For the rest of my time at the tea, I decided to talk to the girls about how wonderful marriage is, trusting God, and all of the blessings that go along with it. After the tea party was finished, one of the sweet girls came up to me and said, “Mrs. Weakly, thank you. I have never heard anyone talk about the beauty of marriage before like you have. It’s good to hear that marriage can be wonderful!” Out of the mouths of babes…

 Marriage is wonderful.

 Marriage is God’s idea.

 God will help us in our marriage.

 Marriage is GOOD!

Think Before You Speak

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by Cherie Werner

Do not let any unwholesome talk come out of your mouths, but only what is helpful for building others up according to their needs, that it may benefit those who listen.  Ephesians 4:29

 One of the greatest jobs I have as a mother is to instill godly character into my children. To do this, I intentionally utilize both resources and teachable moments. I have found that it is best to learn from life’s blunders.  Currently I am reading aloud and discussing the book Love As A Way of Life by Gary Chapman with my youngest daughter, Cayley, as well as the mom group I’m leading.  At the end of one of the chapters, I became convicted. There was a challenge to evaluate verbal interactions with others and determine whether or not the words spoken were kind. If any unwholesome words came to mind, the challenge encouraged you to take action and apologize.

My heart sunk as I remembered a phone conversation that I had with a friend. I sent the apology email below to my friend and then read it aloud to my daughter. Even though I was embarrassed by my blunder, I wanted to use it as a teachable moment. Words do matter and carry weight.

OK my dear friend, things just got real.  I just finished reading a chapter on kindness to Cayley and I was convicted.

I read, “To make kindness a habit, ask yourself after each verbal interaction with another person, what kind words did I say and what unwholesome words did I say?” I thought back to our conversation and was convicted.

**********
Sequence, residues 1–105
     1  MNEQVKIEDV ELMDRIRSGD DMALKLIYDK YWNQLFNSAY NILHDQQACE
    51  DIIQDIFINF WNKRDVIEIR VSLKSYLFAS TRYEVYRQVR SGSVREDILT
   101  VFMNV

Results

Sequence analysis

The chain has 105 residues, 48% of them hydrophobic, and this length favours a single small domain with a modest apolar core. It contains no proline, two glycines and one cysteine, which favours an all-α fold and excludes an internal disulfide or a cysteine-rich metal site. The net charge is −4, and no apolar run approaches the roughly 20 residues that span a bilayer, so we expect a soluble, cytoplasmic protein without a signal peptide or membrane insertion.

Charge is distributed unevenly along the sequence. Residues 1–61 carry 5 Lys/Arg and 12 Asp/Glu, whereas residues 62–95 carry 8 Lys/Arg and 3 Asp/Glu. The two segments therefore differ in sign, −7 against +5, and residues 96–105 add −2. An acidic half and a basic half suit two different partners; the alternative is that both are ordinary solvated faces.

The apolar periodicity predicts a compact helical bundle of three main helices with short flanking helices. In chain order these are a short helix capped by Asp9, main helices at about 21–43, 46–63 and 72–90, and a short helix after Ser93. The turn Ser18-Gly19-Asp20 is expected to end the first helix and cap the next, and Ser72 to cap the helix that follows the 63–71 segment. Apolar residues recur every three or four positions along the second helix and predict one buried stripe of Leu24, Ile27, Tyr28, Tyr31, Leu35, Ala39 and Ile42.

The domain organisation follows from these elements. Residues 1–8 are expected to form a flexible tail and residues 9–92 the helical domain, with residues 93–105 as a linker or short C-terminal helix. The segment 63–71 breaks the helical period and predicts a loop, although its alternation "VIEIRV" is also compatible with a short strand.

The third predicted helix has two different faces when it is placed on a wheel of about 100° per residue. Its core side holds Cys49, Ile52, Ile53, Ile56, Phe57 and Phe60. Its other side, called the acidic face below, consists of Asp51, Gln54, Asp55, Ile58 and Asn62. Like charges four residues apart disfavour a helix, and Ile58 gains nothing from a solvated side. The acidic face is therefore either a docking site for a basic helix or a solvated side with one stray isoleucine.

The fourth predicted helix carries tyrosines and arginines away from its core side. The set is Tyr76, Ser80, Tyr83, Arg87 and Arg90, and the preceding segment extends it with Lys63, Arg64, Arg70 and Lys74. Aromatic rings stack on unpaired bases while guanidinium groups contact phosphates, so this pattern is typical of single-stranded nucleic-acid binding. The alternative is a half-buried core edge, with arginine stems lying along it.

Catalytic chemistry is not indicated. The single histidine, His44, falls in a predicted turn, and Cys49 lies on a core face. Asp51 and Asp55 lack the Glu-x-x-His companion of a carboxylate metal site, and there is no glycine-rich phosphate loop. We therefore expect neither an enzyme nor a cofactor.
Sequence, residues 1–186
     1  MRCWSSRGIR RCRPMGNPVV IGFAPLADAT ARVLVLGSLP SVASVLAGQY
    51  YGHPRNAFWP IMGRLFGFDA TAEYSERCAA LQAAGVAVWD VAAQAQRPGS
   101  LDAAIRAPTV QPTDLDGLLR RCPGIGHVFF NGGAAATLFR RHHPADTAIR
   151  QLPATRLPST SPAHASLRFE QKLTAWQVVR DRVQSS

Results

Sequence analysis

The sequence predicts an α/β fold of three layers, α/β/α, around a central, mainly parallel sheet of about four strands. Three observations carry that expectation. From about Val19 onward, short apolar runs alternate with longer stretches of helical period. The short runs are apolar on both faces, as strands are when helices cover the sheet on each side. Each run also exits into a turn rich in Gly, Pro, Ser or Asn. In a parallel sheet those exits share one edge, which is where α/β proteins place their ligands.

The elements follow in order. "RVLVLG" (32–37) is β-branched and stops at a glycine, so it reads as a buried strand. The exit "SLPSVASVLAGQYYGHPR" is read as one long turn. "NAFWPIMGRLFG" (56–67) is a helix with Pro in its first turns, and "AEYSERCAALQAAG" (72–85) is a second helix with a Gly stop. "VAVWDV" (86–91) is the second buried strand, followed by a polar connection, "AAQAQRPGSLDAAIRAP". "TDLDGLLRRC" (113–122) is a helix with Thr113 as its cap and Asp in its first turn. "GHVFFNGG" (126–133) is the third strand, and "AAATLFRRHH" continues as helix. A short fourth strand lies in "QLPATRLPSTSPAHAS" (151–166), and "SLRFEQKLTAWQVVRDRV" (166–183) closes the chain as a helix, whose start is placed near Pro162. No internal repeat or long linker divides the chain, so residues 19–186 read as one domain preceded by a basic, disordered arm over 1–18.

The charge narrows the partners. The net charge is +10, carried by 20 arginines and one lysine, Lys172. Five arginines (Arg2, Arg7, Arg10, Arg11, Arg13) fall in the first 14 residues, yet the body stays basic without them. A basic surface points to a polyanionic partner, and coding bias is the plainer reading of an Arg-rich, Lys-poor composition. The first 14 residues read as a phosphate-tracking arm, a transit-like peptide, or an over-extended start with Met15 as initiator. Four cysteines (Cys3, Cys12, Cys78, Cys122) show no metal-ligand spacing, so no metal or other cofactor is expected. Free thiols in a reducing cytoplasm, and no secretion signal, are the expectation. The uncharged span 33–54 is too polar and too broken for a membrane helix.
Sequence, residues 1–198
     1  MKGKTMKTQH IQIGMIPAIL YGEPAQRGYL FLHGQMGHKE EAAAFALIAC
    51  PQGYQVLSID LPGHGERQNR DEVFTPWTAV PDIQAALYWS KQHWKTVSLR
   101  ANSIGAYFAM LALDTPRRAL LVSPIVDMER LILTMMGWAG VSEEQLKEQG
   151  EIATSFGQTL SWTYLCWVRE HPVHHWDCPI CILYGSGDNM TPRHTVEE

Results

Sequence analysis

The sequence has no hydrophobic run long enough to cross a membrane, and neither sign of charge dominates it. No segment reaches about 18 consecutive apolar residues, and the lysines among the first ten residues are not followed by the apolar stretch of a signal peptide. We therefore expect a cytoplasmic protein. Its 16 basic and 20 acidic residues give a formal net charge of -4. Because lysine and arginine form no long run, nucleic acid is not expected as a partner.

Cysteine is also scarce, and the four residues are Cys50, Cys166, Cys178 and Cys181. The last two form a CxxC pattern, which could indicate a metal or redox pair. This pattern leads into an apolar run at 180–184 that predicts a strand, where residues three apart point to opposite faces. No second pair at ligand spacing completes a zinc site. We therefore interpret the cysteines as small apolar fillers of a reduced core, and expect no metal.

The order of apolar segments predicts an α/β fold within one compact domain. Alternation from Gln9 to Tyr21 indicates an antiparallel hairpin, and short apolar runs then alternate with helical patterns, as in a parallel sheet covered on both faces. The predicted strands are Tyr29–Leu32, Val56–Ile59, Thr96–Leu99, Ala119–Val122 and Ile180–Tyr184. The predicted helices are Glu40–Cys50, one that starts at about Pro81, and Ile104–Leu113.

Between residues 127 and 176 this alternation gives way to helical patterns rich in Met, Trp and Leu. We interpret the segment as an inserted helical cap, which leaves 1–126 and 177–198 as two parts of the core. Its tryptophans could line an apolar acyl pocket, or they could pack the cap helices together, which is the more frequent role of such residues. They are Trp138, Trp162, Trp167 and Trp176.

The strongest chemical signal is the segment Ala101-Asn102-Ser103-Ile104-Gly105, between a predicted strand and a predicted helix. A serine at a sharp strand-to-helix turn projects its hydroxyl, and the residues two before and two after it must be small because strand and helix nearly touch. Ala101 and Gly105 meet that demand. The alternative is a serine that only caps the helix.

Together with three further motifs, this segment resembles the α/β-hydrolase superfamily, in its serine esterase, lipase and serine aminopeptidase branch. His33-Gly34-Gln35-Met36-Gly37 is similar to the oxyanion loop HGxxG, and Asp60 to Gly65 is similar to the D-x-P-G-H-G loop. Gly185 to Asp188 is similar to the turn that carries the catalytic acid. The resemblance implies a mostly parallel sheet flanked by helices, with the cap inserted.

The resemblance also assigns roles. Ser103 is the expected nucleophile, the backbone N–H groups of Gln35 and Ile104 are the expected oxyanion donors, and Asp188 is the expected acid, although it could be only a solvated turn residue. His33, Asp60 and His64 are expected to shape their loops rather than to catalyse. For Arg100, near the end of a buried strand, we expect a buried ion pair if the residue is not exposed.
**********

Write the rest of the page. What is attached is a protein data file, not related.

I realized that sharing with you about my disgruntles with ________ were not edifying or life giving.  I did looked up the quote you mentioned by Dave Ramsey concerning gossip which said, “gossip is defined as discussing anything negative with someone who can’t help solve the problem.”  So I’m apologizing for gossiping.

Words are powerful as they give life or death.  I desire to be known as one who spreads life. 

Love ya.

My friend wrote me back the following:

Your email made me think, what if the words about _______ were said in a happy, surprised, and excited tone, but because it was hearsay, and because of our filters, we assume it was negative?  It gave me a lot to think about.  The other thing that I want to sort through with you is where is the line between gossip and sharing our heart, and frustration with a friend.

Was I gossiping or simply sharing my heart and frustration with a friend? I wanted to know. Actually, I needed to know.

Two definitions of gossip:

  1. Dictionary – Casual or unconstrained conversation or reports about other people, typically involving details that are not confirmed as being true.
  2. Bible – One who reveals secrets, one who goes about as a talebearer or scandal-monger.

Gossip is different from sharing information in many ways. Below are some ways I feel the two differ but I’m sure there are many others.

  • Consider your motives for sharing? Are you seeking to build yourself up by making others look bad? We often feel superior to the person we are talking about which is prideful and often gossip.
  • Gossiping wants to share and tell a story for reactions. It is done repeatedly to many persons.
  • If you are hurt or angry with someone and desire to draw others into your pain wanting them to side with you it’s likely you are gossiping.
  • What type of information is being shared? Gossipers speak of the faults and failures of others or reveal possibly embarrassing or shameful details regarding the lives of others without their knowledge or approval.